it's a great life, if you don't weaken (matociquala) wrote,
it's a great life, if you don't weaken
matociquala

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code monkey think maybe manager want to write goddamned login page himself.

Okay. You like Jonathan Coulton? You like Guitar Hero?

Watch this:



...Yup.

(Yeah, I'm months behind the curve on this one. Sue me.)

For a discussion of what this is, and what its implications are, I offer you a blog entry on Corrugated Media. (So far, pretty much the only blog entry on Corrugated Media, but there you go.)

From that blog:

I managed to track down the creator of this custom track, Andy Sage,who gets lots of points from me not only for his selection in music,but for how he went about this process. He secured permission fromCoulton before posting the track, despite the source materials beingfreely available in a remix contest, and all of Coulton’s music beingunder a license he was not breaking. Sage was under no legal obligationto contact Coulton and make sure he was cool with this, but he did soanyway, and that is the kind of attitude that makes this sort oflicense and culture really work. Tying this back to why I think thisstory is so cool is the fact that he was ABLE to contact Jonathan to doso. Try doing that with Bono.


Okay, and that's the thing right now. The internet is not just going to change the nature of entertainment. It's already changed it. Broadcast media will probably never go away--god knows some nights I don't want the emotional commitment of anything more interactive than a cooking show. But the internets are interactive and remixive and discursive, and moreover, you can walk right up to me and talk to me on them. (And there are any number of other entertainers who have similar web presences, with greater or lesser degrees of transparency. If I really needed to, for any reason, I know where to find musicians, television producers, actors, writers, game designers, programmers, essayists, artists, graphic designers, architects--and talk to them in person.

The reason that works, of course, is because the celebrities (loosely so termed) that one knows on the internet are suddenly real people. They're not constructs anymore. Jonathan Coulton isn't a construct to me, the way Bono (to use the example quoted above) is. Jonathan Coulton is some guy on the internets, whose work I really like. Tom Smith (filkertom) used to be a construct to me: I only knew his work through recordings, and I was a big fan. And yanno, then I met him online and at Penguicon, and now he's just some super-talented guy I know, who is also funny. Wil Wheaton is the classic example of this: I keep forgetting he's also a talented actor, because I think of him as one of the best bloggers on my daily information rounds.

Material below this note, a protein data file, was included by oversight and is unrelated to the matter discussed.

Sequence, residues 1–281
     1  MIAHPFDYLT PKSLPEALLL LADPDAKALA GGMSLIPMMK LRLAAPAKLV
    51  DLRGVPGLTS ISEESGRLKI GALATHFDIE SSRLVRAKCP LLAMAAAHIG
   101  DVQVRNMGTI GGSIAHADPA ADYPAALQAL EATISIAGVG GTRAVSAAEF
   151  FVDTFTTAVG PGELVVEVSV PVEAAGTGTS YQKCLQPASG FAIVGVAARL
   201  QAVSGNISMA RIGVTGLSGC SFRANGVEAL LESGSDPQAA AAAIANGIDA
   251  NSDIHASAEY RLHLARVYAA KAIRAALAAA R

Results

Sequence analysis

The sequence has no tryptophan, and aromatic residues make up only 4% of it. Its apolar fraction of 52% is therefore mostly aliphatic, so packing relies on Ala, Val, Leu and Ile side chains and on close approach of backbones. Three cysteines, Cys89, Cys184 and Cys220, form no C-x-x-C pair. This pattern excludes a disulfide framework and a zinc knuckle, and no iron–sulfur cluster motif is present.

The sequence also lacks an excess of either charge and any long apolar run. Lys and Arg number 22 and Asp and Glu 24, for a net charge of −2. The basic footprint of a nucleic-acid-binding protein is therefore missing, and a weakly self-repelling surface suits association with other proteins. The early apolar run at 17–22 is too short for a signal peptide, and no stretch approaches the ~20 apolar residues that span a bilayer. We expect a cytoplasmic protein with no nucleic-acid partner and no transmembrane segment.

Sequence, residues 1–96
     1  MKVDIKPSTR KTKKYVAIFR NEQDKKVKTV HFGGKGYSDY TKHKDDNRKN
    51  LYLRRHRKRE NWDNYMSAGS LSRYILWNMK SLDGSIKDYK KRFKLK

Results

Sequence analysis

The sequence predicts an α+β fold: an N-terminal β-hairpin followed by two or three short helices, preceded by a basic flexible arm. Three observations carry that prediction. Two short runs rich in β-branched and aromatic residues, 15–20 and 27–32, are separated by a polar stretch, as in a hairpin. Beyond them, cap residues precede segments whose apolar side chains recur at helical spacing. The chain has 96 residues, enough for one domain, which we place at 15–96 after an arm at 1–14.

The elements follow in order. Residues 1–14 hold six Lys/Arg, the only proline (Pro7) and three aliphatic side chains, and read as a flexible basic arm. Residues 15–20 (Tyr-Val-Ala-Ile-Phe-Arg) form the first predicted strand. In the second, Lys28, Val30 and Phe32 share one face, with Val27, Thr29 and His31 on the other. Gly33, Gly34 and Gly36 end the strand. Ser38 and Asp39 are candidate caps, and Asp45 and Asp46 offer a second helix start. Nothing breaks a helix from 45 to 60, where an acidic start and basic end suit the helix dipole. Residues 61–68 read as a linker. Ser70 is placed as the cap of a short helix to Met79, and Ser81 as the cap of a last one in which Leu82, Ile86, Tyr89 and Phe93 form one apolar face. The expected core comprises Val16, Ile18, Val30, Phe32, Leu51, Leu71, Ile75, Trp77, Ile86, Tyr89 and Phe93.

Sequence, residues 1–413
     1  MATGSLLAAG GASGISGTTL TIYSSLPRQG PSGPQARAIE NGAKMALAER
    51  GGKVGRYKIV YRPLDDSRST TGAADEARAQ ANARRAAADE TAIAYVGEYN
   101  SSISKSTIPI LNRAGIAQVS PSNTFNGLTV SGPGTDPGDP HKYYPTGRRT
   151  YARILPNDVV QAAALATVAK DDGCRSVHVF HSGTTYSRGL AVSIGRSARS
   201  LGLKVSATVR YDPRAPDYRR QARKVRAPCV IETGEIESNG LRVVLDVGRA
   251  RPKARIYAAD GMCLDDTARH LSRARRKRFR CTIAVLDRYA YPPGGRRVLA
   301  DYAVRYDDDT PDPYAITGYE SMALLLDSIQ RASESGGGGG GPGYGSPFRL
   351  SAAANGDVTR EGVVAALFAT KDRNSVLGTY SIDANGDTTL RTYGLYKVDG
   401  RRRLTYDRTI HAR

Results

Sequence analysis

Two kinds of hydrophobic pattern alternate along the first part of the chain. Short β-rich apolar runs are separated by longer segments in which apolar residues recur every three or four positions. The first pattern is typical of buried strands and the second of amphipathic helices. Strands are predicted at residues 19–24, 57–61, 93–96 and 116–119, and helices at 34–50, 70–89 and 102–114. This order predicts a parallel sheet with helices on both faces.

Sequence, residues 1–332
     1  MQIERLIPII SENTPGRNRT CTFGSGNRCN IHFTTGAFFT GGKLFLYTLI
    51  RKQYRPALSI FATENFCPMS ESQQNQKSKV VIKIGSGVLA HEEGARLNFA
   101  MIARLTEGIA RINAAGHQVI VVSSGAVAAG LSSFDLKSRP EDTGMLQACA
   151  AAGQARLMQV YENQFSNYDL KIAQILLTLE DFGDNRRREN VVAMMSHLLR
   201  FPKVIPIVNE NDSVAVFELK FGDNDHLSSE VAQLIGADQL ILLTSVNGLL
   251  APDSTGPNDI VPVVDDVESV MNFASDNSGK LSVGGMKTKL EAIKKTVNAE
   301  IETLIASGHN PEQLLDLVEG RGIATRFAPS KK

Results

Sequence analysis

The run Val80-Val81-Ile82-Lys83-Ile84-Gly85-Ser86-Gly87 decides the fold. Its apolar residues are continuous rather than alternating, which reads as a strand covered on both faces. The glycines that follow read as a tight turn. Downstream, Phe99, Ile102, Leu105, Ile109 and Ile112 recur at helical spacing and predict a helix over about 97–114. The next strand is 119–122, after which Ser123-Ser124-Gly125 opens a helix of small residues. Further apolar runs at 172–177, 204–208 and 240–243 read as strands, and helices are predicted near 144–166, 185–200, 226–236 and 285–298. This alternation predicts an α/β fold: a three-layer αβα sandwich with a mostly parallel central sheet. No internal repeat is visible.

And you know what? I like that. I don't want to be a construct. I want to be some guy you know on the internets who tells stories. Who possibly you pay to tell you stories, much the same way I have friends I pay for web hosting or web design or massages. Because it's their professional skill.

One of the weird things about being an entertainer is that people who you don't know know you. And one of the cool things about the internet is that it's bringing back the village. We used to know our baker, our barber, our blacksmith. Now, we can know our writers, our musicians, our crazy-ass remix artists.

But fame, the kind of fame that separates famous people from the hoi polloi, as it were, is a funny thing. Not only does it turn the famous person into a construct, it turns them into a slate that the fan can project all sorts of things into. How often have you gotten disappointed at a celebrity because her political views weren't what you thought they should be? I know I have. And damn, you know. Why do I think I get to do that? I don't pay Claudia Black to have her politics match mine. I pay her to kick ass in tight pants. Let's be honest here.

But that's the thing: that's this weird psychological trick of displacement and transference, where you take somebody you don't know and you attach all this emotion to them. And it's harder to do that with somebody who's just this guy you know on the internets than somebody who is a princess in a tower.

Does it have a potential to be scary? Sure. Absolutely. But on another level, I think we may be looking at the end of reputation by fame, and the birth of a different kind of reputation. Because while there are people who want that mystique, that megastar distance, that princess in a tower thing... there's also a lot of people who want to be able to drop Jonathan Coulton an email and say, "Hey, can I remix "Code Monkey?"

And eventually, we may be looking at a system where the President is some guy I know, who I pay to run the country.
Tags: new media, the cake is a lie
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